• Visual diagnostics – tools to assist debug apps in a verylive visual tree
• Timeline tools – to assist developers troubleshoot problems with their builds and improve performance
• Blend improvements – Blend for Visual Studio 2015 will help developers makesleeker, smoother UIs.
Supporting modern hardware:
After launch of WPF in 2006 user’s way of using IT has changed Dramatically; enterprises and individuals interact with a much vast range of hardware at work. and yes, it is true that mobile phones and tablet phones’ sales are incresing and desktops and laptops remain the primary means of carrying out ‘heavy weight’ and intensive tasks such as roles which involve analyzing excel data across multiple screens.
What is the future of WPF?
Microsoft will never admit that WPF demand is diminishing even though there are complexities. It is consistently focusing on certain parameters to improve the standard of WPF.
Current progress on WPF
Let’s first address a typical question regarding support: WPF could be a quintessential a part of the .NET Framework. The .NET Framework is defined as a component of the software, rather than an independent product. The support for .NET Framework is driven by the support life cycle all policy of the Windows OS. Extended support for the present recommended version of .NET (4.5.2) on Windows 8.1 is out there till 2023. we’ll still fix security issues and bugs reported by customers that impact an oversized cross-section of our WPF customers.
Improving WPF quality
The blog post announced plans for the longer term, as well as publicizing variety of fixes to the platform, including:
Some recent fixes in WPF which may be available in .NET Framework 4.6: –
– System.Windows.Input.Cursor is now support multi-image cursor
– Now it also Support for transparent child windows.
– Now we can use double tap gesture recognition by using common threshold
– In WPF Textbox control they improved text selection through double tapping.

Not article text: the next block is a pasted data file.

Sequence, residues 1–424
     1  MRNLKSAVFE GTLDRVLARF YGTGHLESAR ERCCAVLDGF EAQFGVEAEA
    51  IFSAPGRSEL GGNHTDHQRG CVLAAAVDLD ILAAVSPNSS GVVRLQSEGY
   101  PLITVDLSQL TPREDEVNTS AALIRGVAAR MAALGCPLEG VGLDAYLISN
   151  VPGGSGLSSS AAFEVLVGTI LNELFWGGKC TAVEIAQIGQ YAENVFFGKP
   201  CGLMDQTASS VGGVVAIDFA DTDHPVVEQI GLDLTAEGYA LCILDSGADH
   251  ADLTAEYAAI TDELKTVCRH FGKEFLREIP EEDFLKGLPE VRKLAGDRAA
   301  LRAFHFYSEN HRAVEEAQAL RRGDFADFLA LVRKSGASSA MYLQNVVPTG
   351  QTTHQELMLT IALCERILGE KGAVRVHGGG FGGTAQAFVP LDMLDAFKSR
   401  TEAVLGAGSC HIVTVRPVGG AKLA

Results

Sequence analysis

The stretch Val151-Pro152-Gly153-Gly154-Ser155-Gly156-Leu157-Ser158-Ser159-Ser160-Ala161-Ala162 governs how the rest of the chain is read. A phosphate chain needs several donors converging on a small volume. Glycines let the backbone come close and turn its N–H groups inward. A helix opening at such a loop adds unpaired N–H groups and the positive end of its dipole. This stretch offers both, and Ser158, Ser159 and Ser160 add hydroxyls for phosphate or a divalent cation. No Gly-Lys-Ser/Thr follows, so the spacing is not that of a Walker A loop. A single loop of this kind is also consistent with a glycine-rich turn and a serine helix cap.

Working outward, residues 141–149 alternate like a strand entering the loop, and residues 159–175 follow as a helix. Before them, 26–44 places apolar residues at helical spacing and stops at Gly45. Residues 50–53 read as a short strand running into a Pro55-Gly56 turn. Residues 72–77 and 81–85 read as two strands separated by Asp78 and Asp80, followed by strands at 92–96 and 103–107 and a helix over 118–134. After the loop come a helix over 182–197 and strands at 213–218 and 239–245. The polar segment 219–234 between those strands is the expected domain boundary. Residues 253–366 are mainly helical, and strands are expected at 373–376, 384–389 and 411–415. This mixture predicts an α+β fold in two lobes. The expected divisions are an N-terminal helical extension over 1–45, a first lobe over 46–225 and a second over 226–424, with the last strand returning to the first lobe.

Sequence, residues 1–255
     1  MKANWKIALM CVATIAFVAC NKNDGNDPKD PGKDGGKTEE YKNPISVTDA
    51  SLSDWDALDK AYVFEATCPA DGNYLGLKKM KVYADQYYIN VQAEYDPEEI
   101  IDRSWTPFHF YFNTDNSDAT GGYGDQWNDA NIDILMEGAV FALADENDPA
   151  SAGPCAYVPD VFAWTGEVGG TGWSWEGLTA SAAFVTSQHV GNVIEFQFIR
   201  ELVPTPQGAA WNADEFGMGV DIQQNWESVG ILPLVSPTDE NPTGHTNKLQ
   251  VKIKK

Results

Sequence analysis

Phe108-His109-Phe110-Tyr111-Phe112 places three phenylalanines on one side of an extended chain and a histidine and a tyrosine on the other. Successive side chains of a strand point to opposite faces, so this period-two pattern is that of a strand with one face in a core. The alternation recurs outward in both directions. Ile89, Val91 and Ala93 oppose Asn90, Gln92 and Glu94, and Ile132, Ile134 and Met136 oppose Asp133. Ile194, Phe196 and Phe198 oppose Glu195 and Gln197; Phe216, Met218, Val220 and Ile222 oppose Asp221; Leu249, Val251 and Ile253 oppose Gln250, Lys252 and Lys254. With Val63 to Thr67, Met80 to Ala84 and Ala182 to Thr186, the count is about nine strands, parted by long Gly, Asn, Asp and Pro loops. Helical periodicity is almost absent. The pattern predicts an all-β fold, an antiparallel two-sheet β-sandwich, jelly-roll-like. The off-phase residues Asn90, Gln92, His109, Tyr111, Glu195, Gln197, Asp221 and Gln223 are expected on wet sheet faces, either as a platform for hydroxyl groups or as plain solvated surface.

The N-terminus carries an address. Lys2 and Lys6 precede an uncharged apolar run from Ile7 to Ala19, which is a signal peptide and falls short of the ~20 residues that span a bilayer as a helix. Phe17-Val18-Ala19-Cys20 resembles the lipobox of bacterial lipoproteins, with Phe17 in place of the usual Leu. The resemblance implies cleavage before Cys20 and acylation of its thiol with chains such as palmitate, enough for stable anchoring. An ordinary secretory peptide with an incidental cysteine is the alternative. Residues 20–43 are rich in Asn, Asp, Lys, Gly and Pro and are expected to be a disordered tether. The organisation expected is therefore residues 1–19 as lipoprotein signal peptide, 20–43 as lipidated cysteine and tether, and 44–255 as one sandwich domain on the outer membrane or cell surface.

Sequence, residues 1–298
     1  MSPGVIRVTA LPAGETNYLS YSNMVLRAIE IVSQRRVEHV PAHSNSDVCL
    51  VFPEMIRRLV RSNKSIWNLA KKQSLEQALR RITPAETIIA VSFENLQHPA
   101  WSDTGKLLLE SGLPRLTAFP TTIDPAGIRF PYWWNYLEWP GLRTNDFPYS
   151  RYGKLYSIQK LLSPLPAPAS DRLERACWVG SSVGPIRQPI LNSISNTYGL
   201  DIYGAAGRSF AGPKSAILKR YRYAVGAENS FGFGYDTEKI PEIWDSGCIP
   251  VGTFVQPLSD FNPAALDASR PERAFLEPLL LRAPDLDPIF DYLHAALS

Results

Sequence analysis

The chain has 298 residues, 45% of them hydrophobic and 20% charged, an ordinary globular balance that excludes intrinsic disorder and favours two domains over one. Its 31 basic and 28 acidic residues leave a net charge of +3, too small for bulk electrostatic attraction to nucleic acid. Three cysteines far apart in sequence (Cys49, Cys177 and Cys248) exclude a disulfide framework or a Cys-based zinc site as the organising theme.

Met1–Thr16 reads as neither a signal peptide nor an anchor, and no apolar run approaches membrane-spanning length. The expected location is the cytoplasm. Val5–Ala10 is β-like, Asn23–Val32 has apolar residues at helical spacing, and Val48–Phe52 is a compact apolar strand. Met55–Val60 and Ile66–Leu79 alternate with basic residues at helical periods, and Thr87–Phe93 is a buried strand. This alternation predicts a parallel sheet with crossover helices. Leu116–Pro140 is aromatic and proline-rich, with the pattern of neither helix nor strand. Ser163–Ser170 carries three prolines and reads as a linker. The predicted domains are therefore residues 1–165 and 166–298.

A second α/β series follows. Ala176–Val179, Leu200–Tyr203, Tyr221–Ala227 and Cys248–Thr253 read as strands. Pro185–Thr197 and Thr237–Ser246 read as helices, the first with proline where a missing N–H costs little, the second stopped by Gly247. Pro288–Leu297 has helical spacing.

– For the WPF Combo Box they Improved reliability of stylus input.
Tooling improvements and Visual diagnostics
Tooling for WPF was a top customer request revealed during the surveys. The 1 request from the surveys and 2 ideas on XAML Tools User Voice was the requirement for an UI debugger for WPF applications. We are super excited to announce that we are building a full suite of debugging tools for WPF apps that enable you to examine the live visual tree and modify the properties of the weather while debugging. we are going to even enable you to persist these changes back to your source.
An oft repeated request from our customers and therefore the #4 request from the survey was better performance diagnostics tools for WPF. We are within the process of building a spanking new diagnostics tool for WPF applications which will enable you to troubleshoot problems like slow application startup, poor frame rate and other common performance issues. Combined with the already available Memory usage and CPU usage tools, we’ll provide you with a whole toolset right within Visual Studio to create fast and fluid WPF applications.
Blend for Visual Studio 2015 has been redesigned to stay the well-liked tool for creating beautiful user interfaces for XAML apps. Blend encompasses a sleek New Look per Visual Studio to enhance the workflow between the 2 products. additionally, the new Blend relies on the identical technology as Visual Studio (including WPF!) to enhance shortcomings that Blend previously had, including a much better solution explorer and source control support. More importantly, XAML IntelliSense and basic debugging capabilities are now available in Blend. one amongst the first drivers for this investment was the support for asynchronous solution load and best at school version control that we could now provide for giant WPF solutions that are common in enterprises.
The WPF roadmap to the Visual Diagnostics and Timeline tool features doesn’t seem to be currently available in Visual Studio 2015 Preview and team is trying hard to induce it out as soon as possible. This is often just a sneak peek at the improvements that we are any time prepared to disclose for now. Stay tuned for more exciting news within the near future!
In this blog, we went over the WPF roadmap in detail. Some experts believe WPF will not sustain because of its complexity in style and overall cumbersomeness, which is becoming more apparent when compared to competing technologies. Converting enormously intricate nested styles with crazy bindings in visual trees is tricky. Adhering to WPF might be a challenge when you have a large project created using WPF and requires transformation.
Technocrat and entrepreneur of a reputed Office 365 Addin Development Company with years of experience in building large scale enterprise web, cloud and mobile applications using latest technologies like ASP.NET, CORE, .NET MVC, Angular and Blockchain. Keen interest in addressing business problems using latest technologies and help organization to achieve goals.